Working in a railyard requires considerable stamina. It often involves non-traditional hours, changing schedules, overtime shifts and doing strenuous work in all kinds of weather (particularly here in our region). This all puts workers at risk for serious or fatal accidents and injuries while dealing with cars on the tracks – or from oncoming trains.
Rail safety experts have targeted fatigue as one of the greatest – and too often unaddressed – dangers of railway yard work. While employers can’t ensure that their employees get enough sleep, they can take steps to lessen fatigue among rail yard workers.
Limiting overtime and changing schedules
Overtime work is often available – and necessary. The money it brings in can make it tempting for workers. However, the Federal Railroad Administration (FRA) has found that a regular weekly eight-hour overtime shift can be enough to prevent workers from getting enough time off to be well-rested.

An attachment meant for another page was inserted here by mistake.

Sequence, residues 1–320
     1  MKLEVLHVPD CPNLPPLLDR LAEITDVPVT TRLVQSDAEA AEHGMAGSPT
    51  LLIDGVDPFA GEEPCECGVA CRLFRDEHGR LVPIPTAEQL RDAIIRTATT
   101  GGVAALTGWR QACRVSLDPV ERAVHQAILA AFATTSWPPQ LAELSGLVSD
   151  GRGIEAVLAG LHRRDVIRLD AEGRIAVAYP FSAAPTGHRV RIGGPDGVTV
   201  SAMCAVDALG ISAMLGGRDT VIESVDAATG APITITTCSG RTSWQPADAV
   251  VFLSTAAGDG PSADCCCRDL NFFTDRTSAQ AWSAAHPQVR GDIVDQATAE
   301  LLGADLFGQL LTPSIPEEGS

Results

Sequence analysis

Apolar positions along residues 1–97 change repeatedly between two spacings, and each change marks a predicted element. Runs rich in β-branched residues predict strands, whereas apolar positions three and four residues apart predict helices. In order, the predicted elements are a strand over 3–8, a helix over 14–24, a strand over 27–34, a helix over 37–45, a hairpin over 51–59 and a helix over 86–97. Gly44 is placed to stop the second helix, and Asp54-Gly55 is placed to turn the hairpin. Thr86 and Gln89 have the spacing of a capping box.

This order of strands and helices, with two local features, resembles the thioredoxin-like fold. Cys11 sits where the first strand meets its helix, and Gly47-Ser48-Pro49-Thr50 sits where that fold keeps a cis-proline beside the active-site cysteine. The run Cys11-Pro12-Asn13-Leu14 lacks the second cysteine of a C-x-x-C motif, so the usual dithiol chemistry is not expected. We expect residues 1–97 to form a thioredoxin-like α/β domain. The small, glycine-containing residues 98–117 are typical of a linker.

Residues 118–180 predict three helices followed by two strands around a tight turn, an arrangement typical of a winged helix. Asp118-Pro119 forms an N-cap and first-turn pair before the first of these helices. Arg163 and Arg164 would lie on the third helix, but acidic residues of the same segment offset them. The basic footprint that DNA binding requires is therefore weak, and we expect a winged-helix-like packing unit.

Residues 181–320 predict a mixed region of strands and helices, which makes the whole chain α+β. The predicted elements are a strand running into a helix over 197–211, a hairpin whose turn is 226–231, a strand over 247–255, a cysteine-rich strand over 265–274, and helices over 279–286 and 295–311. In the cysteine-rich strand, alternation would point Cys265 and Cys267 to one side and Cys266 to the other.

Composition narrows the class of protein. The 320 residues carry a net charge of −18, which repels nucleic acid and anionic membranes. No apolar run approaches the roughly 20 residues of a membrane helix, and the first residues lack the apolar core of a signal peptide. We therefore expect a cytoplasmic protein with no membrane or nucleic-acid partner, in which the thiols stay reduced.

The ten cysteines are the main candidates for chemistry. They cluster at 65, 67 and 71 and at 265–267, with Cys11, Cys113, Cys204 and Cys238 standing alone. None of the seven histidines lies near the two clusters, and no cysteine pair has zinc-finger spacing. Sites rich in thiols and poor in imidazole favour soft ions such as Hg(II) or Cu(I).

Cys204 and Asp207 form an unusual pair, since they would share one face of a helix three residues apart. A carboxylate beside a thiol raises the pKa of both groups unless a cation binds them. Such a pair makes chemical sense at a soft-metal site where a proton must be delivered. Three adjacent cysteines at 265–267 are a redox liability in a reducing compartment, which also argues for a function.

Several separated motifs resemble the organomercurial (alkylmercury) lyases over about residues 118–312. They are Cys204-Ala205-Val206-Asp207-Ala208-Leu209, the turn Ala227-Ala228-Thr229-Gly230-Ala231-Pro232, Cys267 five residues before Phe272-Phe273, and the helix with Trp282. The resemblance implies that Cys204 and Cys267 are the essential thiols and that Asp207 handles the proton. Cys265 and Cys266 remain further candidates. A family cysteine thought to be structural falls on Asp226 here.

Railyard work often requires overnight shifts. While people can and do get used to working at night, what can interfere with a person’s body clock and their ability to get a good night’s sleep is having an overnight shift for a few days or even a week followed by a day shift for a while.
Breaks are key
With the appropriate support and training by supervisors, rail yard employees can make the job safer for themselves and their co-workers. Besides the scheduling issues just discussed, railway yard workers need to take regularly scheduled breaks away from the work area. They also need to be able to take a break if they feel fatigued. That means knowing their limits and the warning signs of fatigue – in themselves and others.
If you or a loved one has suffered an injury in a railyard, it’s crucial to ensure that you get the benefits to which you’re entitled under the Federal Employers’ Liability Act (FELA). If you’re having difficulty getting those benefits, it may be wise to seek legal advice.